(Photo by Jared Rodriguez)
It was the perfectly imperfect way to begin.
CUNY’s Proshanky Auditorium was packed, and as I found a seat in the second row, I also stumbled upon some theatre friends in the row behind me. After a few minutes of excitedly discussing Wallace Shawn’s work, two women sitting next to my friends interrupted us.
“Would you like to sit next to your friends?” The icy inquiry clearly meant, “would you like to stop talking?”, and I turned to take in the two older, immaculately dressed women directly behind me. Jewelry glittered on their hands and necks, and their smiling eyes were knives neatly laid out on a counter.
The second woman added, “I’m actually quite happy where I’m sitting, only, if you’d like to yell at your friends, perhaps you could do so afterwards.” She said it reasonably, as if suggesting I might want to use an umbrella in the rain.
I felt a flash of real anger, and turned to mutter it safely away. But as the heat flooded my cheeks, I realized this was a perfect prologue to Wallace Shawn’s work.
Because for the next ninety minutes, we were treated to variations on those themes: the pleasurable, corrosive superiority of class; our natural barbarity veiled in feigned civility; the animals of sex and violence that lurk under our pretense of self; and thankfully, the capacity of beauty to counter cruelty.
Yes, there were some impressive readers, including Fran Lebowitz, Julianne Moore, Mary-Louise Parker and Josh Hamilton; but the most piercing illumination of the evening came from Shawn’s words.
On aesthetic taste: “A parsnip is not a bad carrot – it’s just a different vegetable.”
On the impact of the arts: “They have influence, not power.”
On acting: ” We are not what we seem; we are more than we seem; the actor knows that.”
On haircuts: “There are haircuts that say, ‘I think sex is an interesting subject.’”
On our public selves: “The costumes are wrong; we have to start out naked, and go from there.”
More on art and power: “A poem really is more enjoyable than an empire because it doesn’t hate you.”
One by one, these phrases lit up the outline of a dark truth; whatever privilege enjoyed by those present in the room was inextricably linked to the suffering of many outside of it, and the laughter at Shawn’s wit began to subside.
For this is one of Shawn’s unique gifts: his stories feel as if they are being told to you over a dinner table, and so however far his stories go into the ecstasies of sex or the cruelties of violence, a part of you is still sitting at that table. When the story ends, those extremities now keep your food and candlelight company. Because those cruelties and ecstasies are not other than you, they are you, even if (for the moment) only as possibilities.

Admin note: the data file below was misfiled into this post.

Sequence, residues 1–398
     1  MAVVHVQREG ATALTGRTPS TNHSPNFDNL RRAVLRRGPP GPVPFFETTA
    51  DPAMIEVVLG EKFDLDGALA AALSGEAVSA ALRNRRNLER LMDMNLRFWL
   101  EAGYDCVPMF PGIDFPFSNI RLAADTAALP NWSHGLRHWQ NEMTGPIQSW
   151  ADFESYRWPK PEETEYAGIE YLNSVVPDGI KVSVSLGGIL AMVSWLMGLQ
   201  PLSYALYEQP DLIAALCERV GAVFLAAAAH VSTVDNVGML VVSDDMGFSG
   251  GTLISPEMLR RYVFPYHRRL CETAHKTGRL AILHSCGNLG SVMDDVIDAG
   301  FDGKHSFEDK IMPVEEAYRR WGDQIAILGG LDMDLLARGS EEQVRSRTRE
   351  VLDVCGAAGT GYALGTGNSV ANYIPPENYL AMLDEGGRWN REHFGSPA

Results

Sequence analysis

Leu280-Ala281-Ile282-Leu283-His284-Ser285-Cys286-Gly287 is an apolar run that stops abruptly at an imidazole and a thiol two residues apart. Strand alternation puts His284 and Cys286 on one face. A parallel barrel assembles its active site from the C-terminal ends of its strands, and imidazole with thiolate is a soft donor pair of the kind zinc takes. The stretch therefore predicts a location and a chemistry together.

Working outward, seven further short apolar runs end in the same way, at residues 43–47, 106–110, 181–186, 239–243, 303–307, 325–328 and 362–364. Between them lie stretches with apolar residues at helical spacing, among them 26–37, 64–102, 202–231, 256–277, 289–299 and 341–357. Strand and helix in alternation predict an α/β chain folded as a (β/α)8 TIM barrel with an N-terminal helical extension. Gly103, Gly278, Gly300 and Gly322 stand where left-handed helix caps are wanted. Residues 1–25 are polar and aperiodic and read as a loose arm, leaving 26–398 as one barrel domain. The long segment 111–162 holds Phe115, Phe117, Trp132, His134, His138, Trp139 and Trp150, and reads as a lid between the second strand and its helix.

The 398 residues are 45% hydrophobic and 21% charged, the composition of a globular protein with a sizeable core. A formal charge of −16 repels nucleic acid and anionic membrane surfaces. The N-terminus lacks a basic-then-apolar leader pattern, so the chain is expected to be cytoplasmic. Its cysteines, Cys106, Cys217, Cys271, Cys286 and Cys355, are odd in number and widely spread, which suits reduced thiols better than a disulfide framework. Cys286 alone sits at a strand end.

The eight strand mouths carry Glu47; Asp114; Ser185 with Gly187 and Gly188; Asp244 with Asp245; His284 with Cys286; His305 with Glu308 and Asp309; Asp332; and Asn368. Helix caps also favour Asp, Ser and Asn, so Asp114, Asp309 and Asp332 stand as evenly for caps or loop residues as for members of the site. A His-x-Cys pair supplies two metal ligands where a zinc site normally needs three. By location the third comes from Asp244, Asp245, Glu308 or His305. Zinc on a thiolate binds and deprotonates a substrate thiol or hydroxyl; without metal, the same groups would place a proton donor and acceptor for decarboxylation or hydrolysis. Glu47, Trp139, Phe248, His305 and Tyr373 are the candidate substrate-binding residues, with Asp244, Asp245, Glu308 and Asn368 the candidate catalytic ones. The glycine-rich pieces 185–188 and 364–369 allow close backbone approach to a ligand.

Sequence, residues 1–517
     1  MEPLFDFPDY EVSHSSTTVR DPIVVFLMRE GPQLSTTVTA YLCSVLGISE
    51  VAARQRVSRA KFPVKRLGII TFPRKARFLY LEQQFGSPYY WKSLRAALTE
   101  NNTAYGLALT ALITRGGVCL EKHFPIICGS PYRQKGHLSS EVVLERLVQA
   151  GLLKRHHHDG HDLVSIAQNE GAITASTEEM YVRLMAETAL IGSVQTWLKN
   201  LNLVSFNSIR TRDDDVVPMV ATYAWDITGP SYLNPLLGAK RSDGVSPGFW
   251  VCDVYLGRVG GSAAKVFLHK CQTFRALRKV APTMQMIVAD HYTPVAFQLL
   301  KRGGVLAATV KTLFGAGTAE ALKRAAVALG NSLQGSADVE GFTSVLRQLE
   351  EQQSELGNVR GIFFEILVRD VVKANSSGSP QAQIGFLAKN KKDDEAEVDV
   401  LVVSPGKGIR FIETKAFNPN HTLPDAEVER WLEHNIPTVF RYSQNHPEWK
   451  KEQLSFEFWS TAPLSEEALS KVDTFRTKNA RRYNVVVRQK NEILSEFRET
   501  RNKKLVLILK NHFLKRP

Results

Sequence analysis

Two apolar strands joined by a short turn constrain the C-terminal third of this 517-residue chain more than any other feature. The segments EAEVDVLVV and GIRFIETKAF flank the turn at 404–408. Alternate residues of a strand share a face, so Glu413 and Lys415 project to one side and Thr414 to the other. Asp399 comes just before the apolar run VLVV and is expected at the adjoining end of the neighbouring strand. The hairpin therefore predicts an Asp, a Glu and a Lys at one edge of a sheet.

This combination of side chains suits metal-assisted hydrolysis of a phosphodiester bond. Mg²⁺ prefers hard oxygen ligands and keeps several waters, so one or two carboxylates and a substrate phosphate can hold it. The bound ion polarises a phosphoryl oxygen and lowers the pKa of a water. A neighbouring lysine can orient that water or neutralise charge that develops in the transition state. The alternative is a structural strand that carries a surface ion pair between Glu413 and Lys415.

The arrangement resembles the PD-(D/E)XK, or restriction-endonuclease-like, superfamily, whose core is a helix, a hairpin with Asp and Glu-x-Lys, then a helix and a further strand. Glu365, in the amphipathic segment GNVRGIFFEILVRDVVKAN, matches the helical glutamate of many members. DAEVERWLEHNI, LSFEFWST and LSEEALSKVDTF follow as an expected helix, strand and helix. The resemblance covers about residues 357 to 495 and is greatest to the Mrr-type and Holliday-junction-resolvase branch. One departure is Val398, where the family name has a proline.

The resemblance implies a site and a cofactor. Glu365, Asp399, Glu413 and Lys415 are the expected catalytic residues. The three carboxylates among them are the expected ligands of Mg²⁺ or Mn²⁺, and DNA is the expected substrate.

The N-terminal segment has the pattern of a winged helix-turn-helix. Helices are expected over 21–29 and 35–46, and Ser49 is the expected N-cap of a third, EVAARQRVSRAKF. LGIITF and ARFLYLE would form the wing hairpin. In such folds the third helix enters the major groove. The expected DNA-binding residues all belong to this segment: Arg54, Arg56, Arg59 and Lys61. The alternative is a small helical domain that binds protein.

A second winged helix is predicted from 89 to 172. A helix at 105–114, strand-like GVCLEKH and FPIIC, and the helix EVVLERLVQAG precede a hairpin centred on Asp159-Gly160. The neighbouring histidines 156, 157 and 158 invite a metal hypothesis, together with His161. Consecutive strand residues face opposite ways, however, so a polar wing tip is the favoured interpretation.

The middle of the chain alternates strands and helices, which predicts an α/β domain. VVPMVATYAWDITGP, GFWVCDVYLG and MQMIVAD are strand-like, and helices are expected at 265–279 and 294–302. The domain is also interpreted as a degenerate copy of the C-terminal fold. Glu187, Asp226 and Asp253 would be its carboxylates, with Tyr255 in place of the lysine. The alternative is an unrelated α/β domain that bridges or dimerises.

Those possibilities are full of both disgust and delight, and Shawn’s work is full of those contradictions. His stories hurt us because they please us, and please because they hurt.
According to Shawn, we have become a culture where the vague awareness of suffering connected to our pleasure has become a necessary background music to that pleasure. Shawn turns the volume of that music all the way up, knowing if we really look at reality for a moment, “it is not bearable”; and only when it becomes unbearable is there a possibility of affecting real change.
As the evening continued, I became aware of a pair of police officers guarding the stage. The officer closest to me spent a good deal of time watching the event, but she never laughed, even when the audience roared. She was outside, even as she stood guarding those on the inside, or at least, she seemed so to me. I thought of Shawn’s fascination with the mystery of self juxtaposed against the narrow roles we play for each other, and then…
…and then I became aware of the officer and my friends and foes behind me, aware of the stars on the stage and the audience watching them, aware of those whose suffering was linked to my comfortable life; all at once aware of them in that way that feels like a penny dropped in water, that rippling outwards from the greedy self ; I became aware of how all of us are not what we seem, that we are more than we seem, capable of great cruelties and ecstasies.
After experiences like that, I find I am kinder to people, because I’m reminded of what we’re all capable of, for better and worse. So I turned to say something to the women behind me, something funny and kind that would show our previous encounter beneath the mutual goodness of our souls. But my eye caught my friends first, and after I’d spoken with them, I turned and the women were gone.
So it was a good night at the theatre. If you’re ready to look at the things Wallace Shawn’s plays want you to see, you can find some of them here, and his essays are here. Thanks to CUNY, Haymarket, the actors, and the TCG staffers who made it all happen!